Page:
Foundry has released Katana 5.0, the latest major version of its lighting and look development software.
The update introduces Nuke Bridge, a new feature that can live link Nuke comps to Katana scenes, and makes it possible to launch multiple interactive renders from Katana’s Foresight+ rendering system.
Other changes include support for instances and a new native render delegate inside Katana’s Hydra-based Viewer, and support for Material Macros when creating materials.
In addition, Katana 5.0 moves the software to Python 3.7, with a separate parallel release, Katana 4.5, providing the same new features to studios still using Python 2.x in their pipelines.
Nuke Bridge lets artists view linked Nuke comps inside Katana
New features in Katana 5.0 include Nuke Bridge, a new feature that improves workflow between Katana and Nuke, Foundry’s VFX-industry-standard compositing software.
Instead of having to generate offline renders from Katana and pass them to a Nuke artist for compositing before being able to preview the results, Nuke Bridge can live link the two applications.
Renders from Katana can be streamed to Nuke, and the comped pixels streamed back to Katana.
The results of the comp are visible within Katana’s render window, making it easier and quicker for lighting artists to see changes in the context of the final shot.
As well as linking interactive Live Renders to a GUI edition of Nuke on the same machine, Nuke Bridge can be used with Nuke running headlessly on a render farm, including with Katana’s static Preview Renders.
Foresight+ rendering now supports multiple simultaneous interactive renders
The Foresight Rendering system introduced in Katana 4.0 for working with multiple simultaneous test renders has also been updated, and has now been renamed Foresight+.
Whereas users were originally restricted to simultaneous Preview Renders, Foresight+ also makes it possible to launch multiple interactive Live Renders.
Live Renders only update when changes are made that affect them directly: for example, making it possible to edit the parameters of a shot without restarting renders of other shots in the same sequence.
It is also possible to ‘pin’ attributes so that they don’t trigger updates: for example, making it possible to scrub through frames without causing a Live Render to restart.
Support for instances and new render delegates inside the Hydra Viewer
Katana’s Hydra Viewer tab, introduced in Katana 3.0 as a successor to the legacy OpenSceneGraph viewport, has now been renamed the Viewer tab, and the OSG version deprecated.
Changes in Katana 5.0 include support for previewing instanced geometry in the Viewer, as shown above.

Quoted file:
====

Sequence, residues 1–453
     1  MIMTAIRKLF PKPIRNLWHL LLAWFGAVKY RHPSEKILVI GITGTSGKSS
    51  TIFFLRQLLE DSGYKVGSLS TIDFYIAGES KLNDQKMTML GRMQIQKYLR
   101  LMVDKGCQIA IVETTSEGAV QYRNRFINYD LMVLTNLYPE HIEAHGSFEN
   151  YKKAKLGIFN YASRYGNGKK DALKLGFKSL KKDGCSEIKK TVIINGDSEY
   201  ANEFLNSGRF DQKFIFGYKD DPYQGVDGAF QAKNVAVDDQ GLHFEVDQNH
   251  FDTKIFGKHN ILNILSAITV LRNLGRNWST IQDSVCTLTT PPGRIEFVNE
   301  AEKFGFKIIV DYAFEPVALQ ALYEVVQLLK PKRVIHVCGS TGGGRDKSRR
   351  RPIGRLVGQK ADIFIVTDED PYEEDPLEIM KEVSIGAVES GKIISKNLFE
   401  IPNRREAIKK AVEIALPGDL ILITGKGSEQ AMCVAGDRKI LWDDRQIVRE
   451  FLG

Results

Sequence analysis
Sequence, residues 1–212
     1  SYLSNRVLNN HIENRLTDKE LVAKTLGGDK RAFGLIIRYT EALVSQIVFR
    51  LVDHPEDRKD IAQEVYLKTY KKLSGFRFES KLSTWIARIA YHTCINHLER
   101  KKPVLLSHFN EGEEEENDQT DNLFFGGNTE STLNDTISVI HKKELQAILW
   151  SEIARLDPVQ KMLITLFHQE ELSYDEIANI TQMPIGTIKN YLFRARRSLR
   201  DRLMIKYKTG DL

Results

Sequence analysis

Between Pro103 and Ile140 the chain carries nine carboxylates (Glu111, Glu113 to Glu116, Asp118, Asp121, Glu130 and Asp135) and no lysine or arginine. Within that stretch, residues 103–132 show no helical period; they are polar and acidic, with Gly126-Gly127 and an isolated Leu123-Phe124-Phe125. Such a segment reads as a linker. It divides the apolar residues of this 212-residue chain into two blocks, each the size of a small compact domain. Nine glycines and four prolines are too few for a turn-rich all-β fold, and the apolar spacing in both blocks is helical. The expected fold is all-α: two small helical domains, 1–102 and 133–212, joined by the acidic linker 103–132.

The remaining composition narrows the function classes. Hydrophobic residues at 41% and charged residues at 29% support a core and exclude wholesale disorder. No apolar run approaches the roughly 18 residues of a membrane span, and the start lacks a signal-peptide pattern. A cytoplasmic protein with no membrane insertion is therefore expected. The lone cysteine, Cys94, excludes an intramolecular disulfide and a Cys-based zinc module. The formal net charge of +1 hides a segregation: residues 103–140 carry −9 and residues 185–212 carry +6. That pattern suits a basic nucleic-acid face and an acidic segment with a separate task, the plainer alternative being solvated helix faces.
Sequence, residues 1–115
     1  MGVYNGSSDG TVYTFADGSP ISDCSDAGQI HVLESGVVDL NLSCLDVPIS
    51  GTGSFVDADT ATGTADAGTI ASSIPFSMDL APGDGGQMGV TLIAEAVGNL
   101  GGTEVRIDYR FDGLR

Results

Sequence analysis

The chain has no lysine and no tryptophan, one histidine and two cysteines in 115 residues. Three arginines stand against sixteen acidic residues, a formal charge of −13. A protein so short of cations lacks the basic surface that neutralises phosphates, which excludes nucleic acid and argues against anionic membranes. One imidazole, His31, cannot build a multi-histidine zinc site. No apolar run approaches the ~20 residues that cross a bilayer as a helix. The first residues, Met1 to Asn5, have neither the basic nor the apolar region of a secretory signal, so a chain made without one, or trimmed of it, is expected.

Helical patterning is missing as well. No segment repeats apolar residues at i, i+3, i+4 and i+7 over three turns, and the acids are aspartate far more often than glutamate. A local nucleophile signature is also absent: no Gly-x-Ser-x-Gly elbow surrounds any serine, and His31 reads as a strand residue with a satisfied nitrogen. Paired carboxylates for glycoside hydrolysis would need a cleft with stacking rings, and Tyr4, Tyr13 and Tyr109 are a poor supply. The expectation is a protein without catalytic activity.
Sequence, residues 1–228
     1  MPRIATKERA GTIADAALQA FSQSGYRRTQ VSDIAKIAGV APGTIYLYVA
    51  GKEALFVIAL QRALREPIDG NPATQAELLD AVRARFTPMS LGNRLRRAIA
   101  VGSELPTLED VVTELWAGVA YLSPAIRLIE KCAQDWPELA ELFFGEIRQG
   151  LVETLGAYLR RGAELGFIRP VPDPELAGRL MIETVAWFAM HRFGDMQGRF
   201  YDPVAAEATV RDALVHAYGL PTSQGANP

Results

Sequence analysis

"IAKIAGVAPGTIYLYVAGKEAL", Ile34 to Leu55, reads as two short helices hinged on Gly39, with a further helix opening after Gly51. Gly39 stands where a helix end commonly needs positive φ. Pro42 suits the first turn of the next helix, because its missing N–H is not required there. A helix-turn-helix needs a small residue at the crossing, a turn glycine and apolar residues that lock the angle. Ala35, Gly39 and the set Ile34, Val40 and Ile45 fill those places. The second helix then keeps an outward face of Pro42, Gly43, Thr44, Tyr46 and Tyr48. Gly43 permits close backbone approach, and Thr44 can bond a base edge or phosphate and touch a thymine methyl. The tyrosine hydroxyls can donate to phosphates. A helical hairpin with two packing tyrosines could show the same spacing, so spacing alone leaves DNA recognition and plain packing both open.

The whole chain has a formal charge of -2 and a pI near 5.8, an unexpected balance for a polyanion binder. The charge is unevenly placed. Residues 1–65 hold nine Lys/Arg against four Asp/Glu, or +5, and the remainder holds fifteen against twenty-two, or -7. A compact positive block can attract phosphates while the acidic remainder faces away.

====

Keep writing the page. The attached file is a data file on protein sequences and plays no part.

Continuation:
In addition, Foundry’s Advanced Viewport (AVP) is now available as a native Hydra render delegate within the Viewer, alongside HdStorm, the default USD Hydra renderer.
USD light export, better material workflow and support for Python 3.7
Other changes in Katana 5.0 include the option to export USD lights: light locations, including light linking information, can be exported via UsdMaterialBake nodes using the UsdLux APIs.
Materials workflow has also been streamlined, with support for Material Macros making it easier to reuse sections of material node graphs between projects, or share them with other users.
In addition, the third-party libraries used in Katana 5.0 have been updated to match the CY2020 spec for the VFX Reference Platform, including support for Python 3.7.
The change brings Katana back into line with other key VFX applications, many of which have supported Python 3.x for some time now, and with its own sibling applications Nuke and Mari.
As it did with Mari 4.8 and 5.0, Foundry has provided a parallel Python 2.7-based release, Katana 4.5, for studios that have not yet updated their pipelines to the current version of the programming language.
There are also a number of smaller workflow improvements: find a full list of changes via the links below.
Pricing and system requirements
Katana 5.0 is available for Windows 7+ and CentOS/RHEL 6 Linux.
Foundry doesn’t list prices for Katana on its website, but according to the FAQs, it is available via quarterly rental and via perpetual licences of Katana GUI and Katana Render, the headless edition for render farms.
The firm told us that it is currently testing different pricing models for Katana, and advises users to contact it directly, but that it aims to provide a public update on pricing early in 2022.
As a ballpark figure, new licences of Katana GUI previously cost $9,458 when Katana 4.0 was released in October 2020; new licences of Katana Render previously cost $528.
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